(Unfortunately, even with the help of chess historians, we have been unable to unearth the moves for this particular game, which was played on October 12, 1941, in an unfinished game. Moscow Tournament with the Nazi army only a few kilometers away. The game is not in the databases. If any of our readers can help here, let us know.)
Averbakh obviously met many people during his life. One of the most memorable for him was GM Vasily Smyslov: “I met a lot of interesting people. I can probably single out Vasily Vasilyevich Smyslov, who was notable for his philosophical mind and his ability to “grab the core”. [Averbakh likely cited from Boris Pasternak’s poem here. – PD] And there was also Sergey Vsevolodovich Belavenets mentioned above, who was a great person with high moral principles. He had a premonition that he would not return from the war and this sad omen was true.”
Smyslov was notable for his philosophical mind and his ability to “grasp the heart”.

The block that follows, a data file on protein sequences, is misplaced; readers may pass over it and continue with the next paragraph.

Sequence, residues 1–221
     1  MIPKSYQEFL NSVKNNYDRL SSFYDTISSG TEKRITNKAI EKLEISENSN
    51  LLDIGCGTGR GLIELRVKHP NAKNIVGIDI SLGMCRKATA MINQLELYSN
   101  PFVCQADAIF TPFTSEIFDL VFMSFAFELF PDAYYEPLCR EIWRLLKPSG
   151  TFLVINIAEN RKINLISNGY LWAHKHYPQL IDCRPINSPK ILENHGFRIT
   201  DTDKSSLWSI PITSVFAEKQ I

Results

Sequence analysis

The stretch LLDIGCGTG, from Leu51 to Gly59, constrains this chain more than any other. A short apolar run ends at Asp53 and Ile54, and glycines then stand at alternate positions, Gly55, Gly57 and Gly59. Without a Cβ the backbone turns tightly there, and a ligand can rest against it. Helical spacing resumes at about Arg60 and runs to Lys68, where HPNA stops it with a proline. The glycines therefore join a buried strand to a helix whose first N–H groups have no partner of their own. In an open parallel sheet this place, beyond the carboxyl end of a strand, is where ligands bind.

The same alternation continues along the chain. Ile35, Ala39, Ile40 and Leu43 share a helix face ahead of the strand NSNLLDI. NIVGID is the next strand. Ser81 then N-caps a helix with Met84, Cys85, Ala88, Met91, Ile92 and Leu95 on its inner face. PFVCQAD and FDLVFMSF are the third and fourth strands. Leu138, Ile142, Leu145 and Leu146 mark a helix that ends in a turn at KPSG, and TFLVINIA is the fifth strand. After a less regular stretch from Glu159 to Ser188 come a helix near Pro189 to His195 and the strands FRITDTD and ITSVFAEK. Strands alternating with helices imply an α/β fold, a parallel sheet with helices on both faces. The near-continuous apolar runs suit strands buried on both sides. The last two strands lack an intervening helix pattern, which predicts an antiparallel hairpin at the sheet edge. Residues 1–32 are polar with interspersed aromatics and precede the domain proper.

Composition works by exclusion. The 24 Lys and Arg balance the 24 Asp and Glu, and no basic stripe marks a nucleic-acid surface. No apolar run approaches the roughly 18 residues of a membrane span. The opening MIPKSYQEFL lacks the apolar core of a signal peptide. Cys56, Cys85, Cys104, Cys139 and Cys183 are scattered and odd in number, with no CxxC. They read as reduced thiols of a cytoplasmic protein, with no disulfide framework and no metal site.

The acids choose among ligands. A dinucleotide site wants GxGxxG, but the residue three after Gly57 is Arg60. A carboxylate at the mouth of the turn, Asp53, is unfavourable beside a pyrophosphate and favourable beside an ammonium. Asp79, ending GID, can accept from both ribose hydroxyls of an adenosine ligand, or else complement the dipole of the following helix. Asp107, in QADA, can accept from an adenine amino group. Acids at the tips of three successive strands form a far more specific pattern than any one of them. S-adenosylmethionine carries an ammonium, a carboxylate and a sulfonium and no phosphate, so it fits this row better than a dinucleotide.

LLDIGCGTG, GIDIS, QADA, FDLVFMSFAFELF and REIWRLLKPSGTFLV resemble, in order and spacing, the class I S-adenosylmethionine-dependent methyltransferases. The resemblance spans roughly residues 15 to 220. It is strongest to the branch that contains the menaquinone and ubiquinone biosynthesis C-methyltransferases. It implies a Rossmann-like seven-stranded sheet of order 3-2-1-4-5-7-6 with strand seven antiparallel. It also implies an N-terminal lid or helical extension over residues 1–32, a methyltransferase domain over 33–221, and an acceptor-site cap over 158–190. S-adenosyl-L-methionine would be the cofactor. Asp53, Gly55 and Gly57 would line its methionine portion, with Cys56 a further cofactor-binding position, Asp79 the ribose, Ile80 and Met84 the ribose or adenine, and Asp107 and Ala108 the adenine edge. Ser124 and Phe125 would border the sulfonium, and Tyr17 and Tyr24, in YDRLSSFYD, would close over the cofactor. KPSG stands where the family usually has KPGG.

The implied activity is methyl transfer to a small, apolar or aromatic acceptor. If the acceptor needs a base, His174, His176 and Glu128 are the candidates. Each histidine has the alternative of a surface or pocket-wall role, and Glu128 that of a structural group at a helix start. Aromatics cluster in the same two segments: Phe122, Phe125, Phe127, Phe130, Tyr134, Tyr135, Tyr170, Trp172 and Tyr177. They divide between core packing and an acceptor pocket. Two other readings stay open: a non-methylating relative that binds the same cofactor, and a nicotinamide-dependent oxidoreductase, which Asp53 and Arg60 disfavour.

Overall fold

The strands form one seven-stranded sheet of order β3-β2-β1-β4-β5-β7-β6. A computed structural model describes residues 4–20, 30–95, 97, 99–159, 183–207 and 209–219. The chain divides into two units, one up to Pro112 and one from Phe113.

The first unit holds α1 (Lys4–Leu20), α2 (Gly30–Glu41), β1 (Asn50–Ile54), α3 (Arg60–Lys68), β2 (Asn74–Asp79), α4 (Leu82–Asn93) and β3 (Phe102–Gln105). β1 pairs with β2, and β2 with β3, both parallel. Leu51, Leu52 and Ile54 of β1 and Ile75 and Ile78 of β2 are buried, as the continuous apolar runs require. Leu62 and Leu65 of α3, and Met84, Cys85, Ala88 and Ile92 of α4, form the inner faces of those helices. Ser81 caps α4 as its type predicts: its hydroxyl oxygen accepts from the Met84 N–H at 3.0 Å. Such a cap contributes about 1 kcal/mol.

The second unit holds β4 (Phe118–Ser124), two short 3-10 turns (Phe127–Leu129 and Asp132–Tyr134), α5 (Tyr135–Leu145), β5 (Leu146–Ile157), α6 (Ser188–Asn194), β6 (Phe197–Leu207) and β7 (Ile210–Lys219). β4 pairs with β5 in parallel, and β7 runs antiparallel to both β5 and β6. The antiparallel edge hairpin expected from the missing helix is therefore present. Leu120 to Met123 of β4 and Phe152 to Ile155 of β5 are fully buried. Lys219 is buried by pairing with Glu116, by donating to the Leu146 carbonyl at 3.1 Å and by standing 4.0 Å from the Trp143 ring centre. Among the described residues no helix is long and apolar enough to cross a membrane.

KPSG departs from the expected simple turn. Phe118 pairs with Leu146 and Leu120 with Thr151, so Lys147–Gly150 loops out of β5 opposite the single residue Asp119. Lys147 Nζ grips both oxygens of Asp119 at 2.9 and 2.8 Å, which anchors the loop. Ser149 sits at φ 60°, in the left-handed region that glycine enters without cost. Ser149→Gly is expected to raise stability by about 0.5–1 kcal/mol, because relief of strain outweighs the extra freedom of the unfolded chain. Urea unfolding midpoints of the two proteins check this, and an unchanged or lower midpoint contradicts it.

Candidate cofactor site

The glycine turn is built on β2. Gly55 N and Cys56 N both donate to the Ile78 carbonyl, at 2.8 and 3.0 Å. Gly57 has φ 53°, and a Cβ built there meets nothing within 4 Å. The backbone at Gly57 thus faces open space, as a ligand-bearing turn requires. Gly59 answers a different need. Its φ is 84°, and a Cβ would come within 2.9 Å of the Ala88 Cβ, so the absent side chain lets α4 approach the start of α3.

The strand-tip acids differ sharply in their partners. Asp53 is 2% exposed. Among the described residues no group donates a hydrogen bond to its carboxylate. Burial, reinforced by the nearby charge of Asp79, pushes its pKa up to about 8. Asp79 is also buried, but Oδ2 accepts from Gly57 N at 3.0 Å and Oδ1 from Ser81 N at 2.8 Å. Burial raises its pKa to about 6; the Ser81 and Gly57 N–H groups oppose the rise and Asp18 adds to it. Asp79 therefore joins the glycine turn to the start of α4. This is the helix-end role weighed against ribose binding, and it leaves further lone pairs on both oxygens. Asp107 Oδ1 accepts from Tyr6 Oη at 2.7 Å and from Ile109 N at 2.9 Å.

Averbakh has had great success as a player. In 1944 he was awarded the title of Master of Sports of the USSR and he became a Grandmaster in 1952, setting the total number of Grandmasters in the world at 35 at the time.
Averbakh is the last living participant of the famous Candidates’ Tournament of 1953 in Zurich, one of the strongest tournaments in history about which David Bronstein and Miguel Najdorf wrote books which are considered among the best in the literature of chess.
The tournament, a 15-man double round robin, was held from August 30 to October 23, 1953 and was won by Smyslov, who would challenge GM Mikhail Botvinnik for the world title the following year. Averbakh is tied for 10th place with Isaac Boleslavsky, scoring 13.5/30.